It’s wonderful and exciting how separate actions can lead to one destination. I have been reading Stratosphere by Michael Fullan in preparation for my new role this year as an ICT integrator and I am finding lots to think about as you can see by my yellow sticky notes popping out.
At the beginning, Michael states four criteria for integrating technology and pedagogy.
(i) irresistibly engaging for students and teachers
(ii) elegantly efficient and easy to use
(iii) technologically ubiquitous
(iv) steeped in real life problem solving
I’m really engaged by problem based learning and found Lee Crockett’s Solution Fluency a great way to structure a unit of work incorporating technology and literacy. I believe this unit covered three of the four criteria. The initial scenario is outlined below.
The students understood this was a hypothetical situation but in reality it gave them a great vehicle for finding out what was great about our school and celebrating it with their peers and parents. They were incredibly engaged and came up with great promotional videos after weeks of organising, structuring ,capturing the right shots and interviewing. I was uplifted by their efforts and believe that the Solution Fluency backbone made it successful.
I was reminded of this project when reading this Integrating Education Technology post by Michael Boykin this morning and the statement that technology could be used by students to ‘show what they know’ which is one of my favourite mantras for Ed Tech.
Oh and as I have taken up the #bloggermore2015 challenge I have also tried to improve my blog post by adding some power words in the hope that it will improve my writing after reading Jon Morrow’s post. See more here.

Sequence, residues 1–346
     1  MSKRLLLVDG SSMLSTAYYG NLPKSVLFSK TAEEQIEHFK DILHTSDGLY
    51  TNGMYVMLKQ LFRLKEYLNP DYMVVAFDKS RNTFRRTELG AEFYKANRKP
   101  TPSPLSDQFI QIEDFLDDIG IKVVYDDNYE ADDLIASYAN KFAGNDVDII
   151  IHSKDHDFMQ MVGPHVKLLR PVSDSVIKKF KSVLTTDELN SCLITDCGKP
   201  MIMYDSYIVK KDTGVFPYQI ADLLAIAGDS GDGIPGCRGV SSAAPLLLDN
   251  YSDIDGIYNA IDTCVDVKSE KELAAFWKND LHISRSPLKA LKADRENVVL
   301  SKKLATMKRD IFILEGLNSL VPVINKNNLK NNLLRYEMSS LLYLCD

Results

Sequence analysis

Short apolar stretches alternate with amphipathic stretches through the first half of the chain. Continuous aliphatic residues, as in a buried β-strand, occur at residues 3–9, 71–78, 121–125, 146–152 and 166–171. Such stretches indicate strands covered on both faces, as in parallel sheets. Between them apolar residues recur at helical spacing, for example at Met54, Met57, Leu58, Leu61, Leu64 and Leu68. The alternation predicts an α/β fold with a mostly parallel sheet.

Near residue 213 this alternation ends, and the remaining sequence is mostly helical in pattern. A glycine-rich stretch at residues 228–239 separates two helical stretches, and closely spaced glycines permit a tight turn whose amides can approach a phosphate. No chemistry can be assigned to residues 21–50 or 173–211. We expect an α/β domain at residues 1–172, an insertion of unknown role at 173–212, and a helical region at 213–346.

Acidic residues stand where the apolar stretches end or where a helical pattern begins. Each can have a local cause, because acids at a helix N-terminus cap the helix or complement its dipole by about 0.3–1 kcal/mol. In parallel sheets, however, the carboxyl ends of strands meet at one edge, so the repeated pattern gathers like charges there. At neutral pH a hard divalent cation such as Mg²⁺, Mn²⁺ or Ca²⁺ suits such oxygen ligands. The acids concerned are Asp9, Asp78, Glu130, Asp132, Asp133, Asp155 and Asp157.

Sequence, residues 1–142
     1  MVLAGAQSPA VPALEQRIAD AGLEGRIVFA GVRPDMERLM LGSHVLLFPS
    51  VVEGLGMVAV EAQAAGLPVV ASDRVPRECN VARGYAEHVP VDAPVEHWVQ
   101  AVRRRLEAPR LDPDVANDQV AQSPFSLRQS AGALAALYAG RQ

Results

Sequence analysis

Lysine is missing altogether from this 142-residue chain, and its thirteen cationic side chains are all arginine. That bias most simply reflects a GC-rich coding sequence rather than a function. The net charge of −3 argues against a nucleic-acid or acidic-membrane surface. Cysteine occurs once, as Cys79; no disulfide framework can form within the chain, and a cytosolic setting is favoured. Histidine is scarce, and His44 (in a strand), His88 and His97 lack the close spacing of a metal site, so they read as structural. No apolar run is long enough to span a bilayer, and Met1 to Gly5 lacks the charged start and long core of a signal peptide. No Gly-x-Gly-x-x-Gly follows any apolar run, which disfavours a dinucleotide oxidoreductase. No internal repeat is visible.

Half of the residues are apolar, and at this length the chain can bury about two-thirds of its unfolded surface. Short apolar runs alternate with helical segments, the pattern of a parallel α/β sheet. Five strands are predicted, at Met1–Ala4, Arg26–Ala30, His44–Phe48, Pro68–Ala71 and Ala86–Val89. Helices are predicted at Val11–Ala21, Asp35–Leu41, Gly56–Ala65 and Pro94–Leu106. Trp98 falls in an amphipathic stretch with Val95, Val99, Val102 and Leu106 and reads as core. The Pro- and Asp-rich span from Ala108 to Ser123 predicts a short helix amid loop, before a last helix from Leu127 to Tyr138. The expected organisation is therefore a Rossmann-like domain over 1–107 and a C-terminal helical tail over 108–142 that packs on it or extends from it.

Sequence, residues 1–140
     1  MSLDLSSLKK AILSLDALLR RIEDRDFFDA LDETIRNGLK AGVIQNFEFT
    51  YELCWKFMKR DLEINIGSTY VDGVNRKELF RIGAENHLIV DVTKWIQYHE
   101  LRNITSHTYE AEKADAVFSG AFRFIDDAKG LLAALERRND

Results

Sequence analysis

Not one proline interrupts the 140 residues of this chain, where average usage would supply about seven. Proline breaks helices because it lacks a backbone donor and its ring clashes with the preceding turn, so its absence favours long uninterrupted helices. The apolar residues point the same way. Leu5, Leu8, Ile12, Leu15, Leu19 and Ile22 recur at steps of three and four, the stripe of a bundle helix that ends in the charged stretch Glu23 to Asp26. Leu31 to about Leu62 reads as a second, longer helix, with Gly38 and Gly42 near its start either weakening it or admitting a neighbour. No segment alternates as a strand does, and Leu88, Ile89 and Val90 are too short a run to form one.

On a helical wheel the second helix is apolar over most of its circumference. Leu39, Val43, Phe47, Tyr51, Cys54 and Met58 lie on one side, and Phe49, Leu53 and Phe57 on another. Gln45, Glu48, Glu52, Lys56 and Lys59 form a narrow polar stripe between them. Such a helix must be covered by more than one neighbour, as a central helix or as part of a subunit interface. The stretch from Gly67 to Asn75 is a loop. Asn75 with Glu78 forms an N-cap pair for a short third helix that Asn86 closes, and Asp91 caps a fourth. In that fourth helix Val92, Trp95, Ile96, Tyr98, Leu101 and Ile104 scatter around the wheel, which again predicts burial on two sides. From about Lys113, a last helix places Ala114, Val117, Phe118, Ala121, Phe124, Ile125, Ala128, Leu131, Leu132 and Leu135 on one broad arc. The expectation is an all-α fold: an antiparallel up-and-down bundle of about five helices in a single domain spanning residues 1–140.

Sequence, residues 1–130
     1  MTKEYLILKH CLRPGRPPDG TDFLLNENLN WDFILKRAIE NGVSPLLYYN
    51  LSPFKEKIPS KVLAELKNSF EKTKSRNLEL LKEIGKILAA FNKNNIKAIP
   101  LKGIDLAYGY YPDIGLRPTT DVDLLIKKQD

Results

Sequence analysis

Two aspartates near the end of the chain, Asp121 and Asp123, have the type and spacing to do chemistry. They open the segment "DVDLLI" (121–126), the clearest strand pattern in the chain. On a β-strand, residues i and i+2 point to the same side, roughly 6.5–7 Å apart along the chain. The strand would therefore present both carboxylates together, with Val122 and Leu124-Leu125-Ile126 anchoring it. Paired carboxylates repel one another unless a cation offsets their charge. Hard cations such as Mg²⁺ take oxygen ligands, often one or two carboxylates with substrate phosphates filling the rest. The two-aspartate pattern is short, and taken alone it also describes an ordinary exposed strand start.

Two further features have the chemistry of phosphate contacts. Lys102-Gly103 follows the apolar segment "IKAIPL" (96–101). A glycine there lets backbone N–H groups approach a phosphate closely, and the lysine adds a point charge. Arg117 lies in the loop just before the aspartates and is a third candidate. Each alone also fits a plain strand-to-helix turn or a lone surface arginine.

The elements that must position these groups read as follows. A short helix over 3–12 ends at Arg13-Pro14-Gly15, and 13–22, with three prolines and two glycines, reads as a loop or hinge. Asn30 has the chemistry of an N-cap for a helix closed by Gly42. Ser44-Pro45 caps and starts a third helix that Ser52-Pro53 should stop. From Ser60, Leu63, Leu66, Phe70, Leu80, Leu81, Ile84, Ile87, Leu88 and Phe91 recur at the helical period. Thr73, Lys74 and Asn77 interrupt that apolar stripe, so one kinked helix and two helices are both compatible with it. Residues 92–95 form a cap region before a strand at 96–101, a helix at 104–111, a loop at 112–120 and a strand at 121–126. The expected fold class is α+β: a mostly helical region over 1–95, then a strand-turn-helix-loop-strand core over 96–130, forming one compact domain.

I can’t remember when I first learnt about SWOT (Strengths, Weaknesses, Opportunities and Threats) analysis but I do know that I find myself using it again and again. As a classroom teacher I used it for three way meetings with parents and students and as an IT teacher I pulled it out again recently to reflect on the progress of my Year 6 start stop animations.
It’s six weeks into their semester project and I interviewed each pair. We identified the strengths of their partnership, their skills and their animation. I loved it when they identified having fun as a strength! Then the weaknesses were identified. They were very thoughtful and realistic. The next step is where I find the most critical thinking occurs as the students use the opportunity heading to work out how to resolve the weaknesses.
One group of three students identified that it was difficult having three group members as there were only two roles in the animation and they had coasted a bit because one member was always the third wheel. As our discussion proceeded to the opportunity section they quite naturally worked out how to all have a job to do. This involved bringing another device and building the next set. I sat there and made encouraging noises. It was wonderful seeing them problem solve and becoming excited about it.
I find threats a very useful heading because it is a handy way to get them to identify what it is that may stop them from completing the project. For some students it was the admission that they had been absent or forgotten their equipment. Others realised that playing with the Lego could be a threat if they didn’t stay focused. Speaking about the threats means we can get it out in the open and work to make sure they finish.
During the interviews I wrote down their comments and gave them to the students as a record of their progress. This process helps me as I can troubleshoot some technical difficulties as they arise, provide guidance or just compliment them on their progress. I enjoyed spending some one on one time with each group as it can be so easy to be constantly on the move in an IT lesson.
Now to make sure I give good feedback to my other ICT classes.
How do other people give feedback?